2nd Annual Amnesty Day to be held May 17

On May 17, 2019, the City of Kalamazoo, Kalamazoo Department of Public Safety, Kalamazoo County 8th District Court, Kalamazoo County Office of the Prosecuting Attorney, Kalamazoo County Sheriff’s Department, Friend of the Court, Michigan Works and First Congregation Church will host the 2nd Annual Amnesty Day at the 8th District Court. Citizens of the metro area of Kalamazoo will have the opportunity to address outstanding low-level nonviolent misdemeanor warrants and charges with the goal of preventing incarceration. The Friend of the Court however will not address outstanding warrants during the event but will be onsite to provide information about ways an individual may remedy their case and avoid incarceration.

Once participants have addressed their pending warrants and/or charges, they will be directed to Bronson Park where social service agencies and other organizations will be available to assist in addressing some of the participants’ quality of life issues. The Court and prosecutors cannot promise that every case will be completed that day, but in those cases that cannot be accommodated, participants will be provided with a future court date.

Additionally, open to the public, Michigan Works has volunteered to organize various employers looking to interview interested participants for potential employment opportunities.
Prescreening is from 1 pm- 5pm at First Congregational Church, located at 345 West Michigan Ave., Kalamazoo, MI 49007. Please use the main entrance on the Michigan Ave. (please do not park in the Church’s parking lot). Once individuals are screened, they will be directed to a courtroom at the Kalamazoo County 8th District Court located at 227 W. Michigan Ave. There participants’ warrants and criminal cases will be addressed by Court staff and prosecutors. Criminal defense attorneys will be available to offer counsel to participants throughout the entire process.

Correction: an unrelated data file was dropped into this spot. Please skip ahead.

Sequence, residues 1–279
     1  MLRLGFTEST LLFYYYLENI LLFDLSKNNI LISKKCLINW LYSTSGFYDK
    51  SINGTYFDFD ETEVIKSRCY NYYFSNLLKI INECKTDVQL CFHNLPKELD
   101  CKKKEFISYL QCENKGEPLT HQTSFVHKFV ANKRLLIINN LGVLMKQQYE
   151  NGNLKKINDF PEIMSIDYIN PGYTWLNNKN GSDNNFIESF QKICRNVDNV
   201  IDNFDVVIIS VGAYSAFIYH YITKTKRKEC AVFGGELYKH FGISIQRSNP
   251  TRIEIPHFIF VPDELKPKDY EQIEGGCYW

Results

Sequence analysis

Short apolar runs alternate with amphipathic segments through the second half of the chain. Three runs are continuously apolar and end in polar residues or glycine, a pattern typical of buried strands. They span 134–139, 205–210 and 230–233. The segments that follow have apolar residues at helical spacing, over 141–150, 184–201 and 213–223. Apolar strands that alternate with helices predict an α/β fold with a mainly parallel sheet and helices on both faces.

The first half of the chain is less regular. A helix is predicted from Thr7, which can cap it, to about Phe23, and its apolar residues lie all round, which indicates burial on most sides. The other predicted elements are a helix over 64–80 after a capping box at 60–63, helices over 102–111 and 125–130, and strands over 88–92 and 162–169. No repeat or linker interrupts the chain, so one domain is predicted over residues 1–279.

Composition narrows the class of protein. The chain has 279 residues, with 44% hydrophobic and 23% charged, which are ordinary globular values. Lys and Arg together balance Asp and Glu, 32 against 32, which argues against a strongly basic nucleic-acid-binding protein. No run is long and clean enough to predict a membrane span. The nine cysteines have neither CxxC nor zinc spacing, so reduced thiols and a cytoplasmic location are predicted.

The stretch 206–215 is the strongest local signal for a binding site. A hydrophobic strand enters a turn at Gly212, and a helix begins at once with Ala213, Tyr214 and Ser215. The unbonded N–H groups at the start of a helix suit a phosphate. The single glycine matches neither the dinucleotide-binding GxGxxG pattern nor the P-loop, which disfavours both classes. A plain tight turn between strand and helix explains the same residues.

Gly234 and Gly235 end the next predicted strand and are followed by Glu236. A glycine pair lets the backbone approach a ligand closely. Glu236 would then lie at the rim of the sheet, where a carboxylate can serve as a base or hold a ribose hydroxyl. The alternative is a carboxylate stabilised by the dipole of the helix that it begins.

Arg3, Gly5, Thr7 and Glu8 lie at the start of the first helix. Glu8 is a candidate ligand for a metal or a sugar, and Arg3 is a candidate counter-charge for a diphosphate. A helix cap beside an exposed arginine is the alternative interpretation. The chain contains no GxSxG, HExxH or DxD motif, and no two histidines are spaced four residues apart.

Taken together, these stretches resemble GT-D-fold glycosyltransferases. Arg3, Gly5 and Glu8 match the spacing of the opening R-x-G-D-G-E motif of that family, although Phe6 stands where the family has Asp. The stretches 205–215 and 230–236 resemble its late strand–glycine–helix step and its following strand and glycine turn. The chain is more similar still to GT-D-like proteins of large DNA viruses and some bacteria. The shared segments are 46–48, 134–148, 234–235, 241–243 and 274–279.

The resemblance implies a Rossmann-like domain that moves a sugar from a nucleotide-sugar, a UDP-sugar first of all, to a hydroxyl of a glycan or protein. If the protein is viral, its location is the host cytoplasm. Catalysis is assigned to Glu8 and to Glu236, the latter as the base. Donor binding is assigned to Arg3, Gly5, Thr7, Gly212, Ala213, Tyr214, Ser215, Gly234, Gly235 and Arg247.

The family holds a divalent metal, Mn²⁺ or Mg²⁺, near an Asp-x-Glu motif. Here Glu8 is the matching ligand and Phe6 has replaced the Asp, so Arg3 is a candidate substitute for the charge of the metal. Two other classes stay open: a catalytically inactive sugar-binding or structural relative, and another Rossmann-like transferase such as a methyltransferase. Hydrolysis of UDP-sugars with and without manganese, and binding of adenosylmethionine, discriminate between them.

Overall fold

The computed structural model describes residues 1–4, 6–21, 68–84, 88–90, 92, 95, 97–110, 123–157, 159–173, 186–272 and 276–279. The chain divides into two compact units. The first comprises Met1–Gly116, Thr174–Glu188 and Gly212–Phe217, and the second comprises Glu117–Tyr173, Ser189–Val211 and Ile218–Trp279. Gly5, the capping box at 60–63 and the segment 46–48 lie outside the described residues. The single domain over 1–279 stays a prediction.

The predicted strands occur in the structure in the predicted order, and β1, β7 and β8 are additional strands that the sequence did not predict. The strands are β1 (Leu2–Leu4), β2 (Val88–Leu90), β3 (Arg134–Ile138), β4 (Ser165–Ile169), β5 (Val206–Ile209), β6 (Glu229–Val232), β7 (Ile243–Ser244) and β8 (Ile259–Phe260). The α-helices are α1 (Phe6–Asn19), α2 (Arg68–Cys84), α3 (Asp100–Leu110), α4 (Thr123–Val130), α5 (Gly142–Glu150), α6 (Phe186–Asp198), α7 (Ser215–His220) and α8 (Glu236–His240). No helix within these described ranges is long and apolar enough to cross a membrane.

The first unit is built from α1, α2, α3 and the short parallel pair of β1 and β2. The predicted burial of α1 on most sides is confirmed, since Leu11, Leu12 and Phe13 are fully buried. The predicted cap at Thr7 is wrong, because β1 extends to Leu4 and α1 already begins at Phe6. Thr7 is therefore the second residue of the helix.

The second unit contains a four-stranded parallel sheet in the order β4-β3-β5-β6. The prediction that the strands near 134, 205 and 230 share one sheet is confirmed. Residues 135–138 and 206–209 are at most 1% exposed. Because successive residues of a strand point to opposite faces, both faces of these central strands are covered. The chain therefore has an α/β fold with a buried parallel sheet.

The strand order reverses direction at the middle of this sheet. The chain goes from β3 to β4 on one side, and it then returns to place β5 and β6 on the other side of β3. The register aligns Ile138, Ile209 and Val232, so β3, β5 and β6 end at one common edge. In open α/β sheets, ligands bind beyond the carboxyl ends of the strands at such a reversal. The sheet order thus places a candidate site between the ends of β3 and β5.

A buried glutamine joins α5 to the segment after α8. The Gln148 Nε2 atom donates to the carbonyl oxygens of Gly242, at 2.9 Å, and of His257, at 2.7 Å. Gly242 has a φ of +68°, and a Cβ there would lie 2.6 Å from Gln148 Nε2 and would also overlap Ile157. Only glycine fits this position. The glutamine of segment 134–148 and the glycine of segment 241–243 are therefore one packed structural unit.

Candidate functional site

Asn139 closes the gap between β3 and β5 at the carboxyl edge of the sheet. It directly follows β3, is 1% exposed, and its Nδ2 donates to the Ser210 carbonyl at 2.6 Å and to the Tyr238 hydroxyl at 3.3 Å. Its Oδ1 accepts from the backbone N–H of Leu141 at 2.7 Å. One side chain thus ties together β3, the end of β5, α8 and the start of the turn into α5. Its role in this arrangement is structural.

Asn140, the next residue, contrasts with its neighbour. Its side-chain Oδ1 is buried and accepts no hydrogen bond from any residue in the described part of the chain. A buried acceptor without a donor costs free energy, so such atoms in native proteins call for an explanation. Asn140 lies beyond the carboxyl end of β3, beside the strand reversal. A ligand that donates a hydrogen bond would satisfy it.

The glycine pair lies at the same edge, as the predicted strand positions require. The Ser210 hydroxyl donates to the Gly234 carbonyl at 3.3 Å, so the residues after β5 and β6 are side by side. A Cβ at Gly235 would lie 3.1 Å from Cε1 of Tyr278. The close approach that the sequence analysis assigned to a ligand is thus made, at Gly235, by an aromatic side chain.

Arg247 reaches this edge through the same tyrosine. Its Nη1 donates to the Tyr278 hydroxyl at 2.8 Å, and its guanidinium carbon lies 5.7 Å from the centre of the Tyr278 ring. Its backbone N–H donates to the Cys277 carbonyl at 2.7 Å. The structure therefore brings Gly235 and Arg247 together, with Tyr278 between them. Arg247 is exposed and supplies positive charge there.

If you already have a scheduled arraignment, or other Court date, Amnesty Day is not for you. This day is for individuals that have outstanding low-level nonviolent misdemeanor warrants only.

Spring Hydrant Flushing begins April 21

The 2019 Spring Hydrant Flushing Program will begin on Sunday, April 21. Daytime flushing will take place between the hours of 7:30 a.m. and 3:00 p.m. and evening flushing will occur between 10:00 p.m. and 5:00 a.m. 

Over time, sediment builds up on the inside of water distribution pipes (water mains), narrowing the path that water can flow through. Twice per year, the hydrants are flushed to remove any accumulated sediments from water mains and restore water flow, which helps the City to better meet the needs of homes, businesses, and Public Safety. The flushing program also helps to verify that all water supply systems work, including pumps, storage tanks, mains, valves, and hydrants.

Flushing doesn’t affect the safety of the water supply but tap water may appear cloudy or discolored immediately after flushing has occurred in the area. If this happens, water customers are advised to run their cold water in their bathtub or utility sink until it runs clear again. It also recommended that water customers avoid doing laundry on the day that flushing is scheduled and for the following 24 hours to avoid potential issues with clothing. 

You can view the Hydrant Flushing schedule in the View from the Curb


City of Kalamazoo

Home to the Kalamazoo Promise, three institutions of higher education, two nationally recognized healthcare systems, cutting-edge medical research, world-class brewing and dining, outstanding parks, and an extensive variety of music, art, theatre, and cultural attractions.


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 (269) 337-8047
 (269) 337-8182
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     Kalamazoo, MI 49007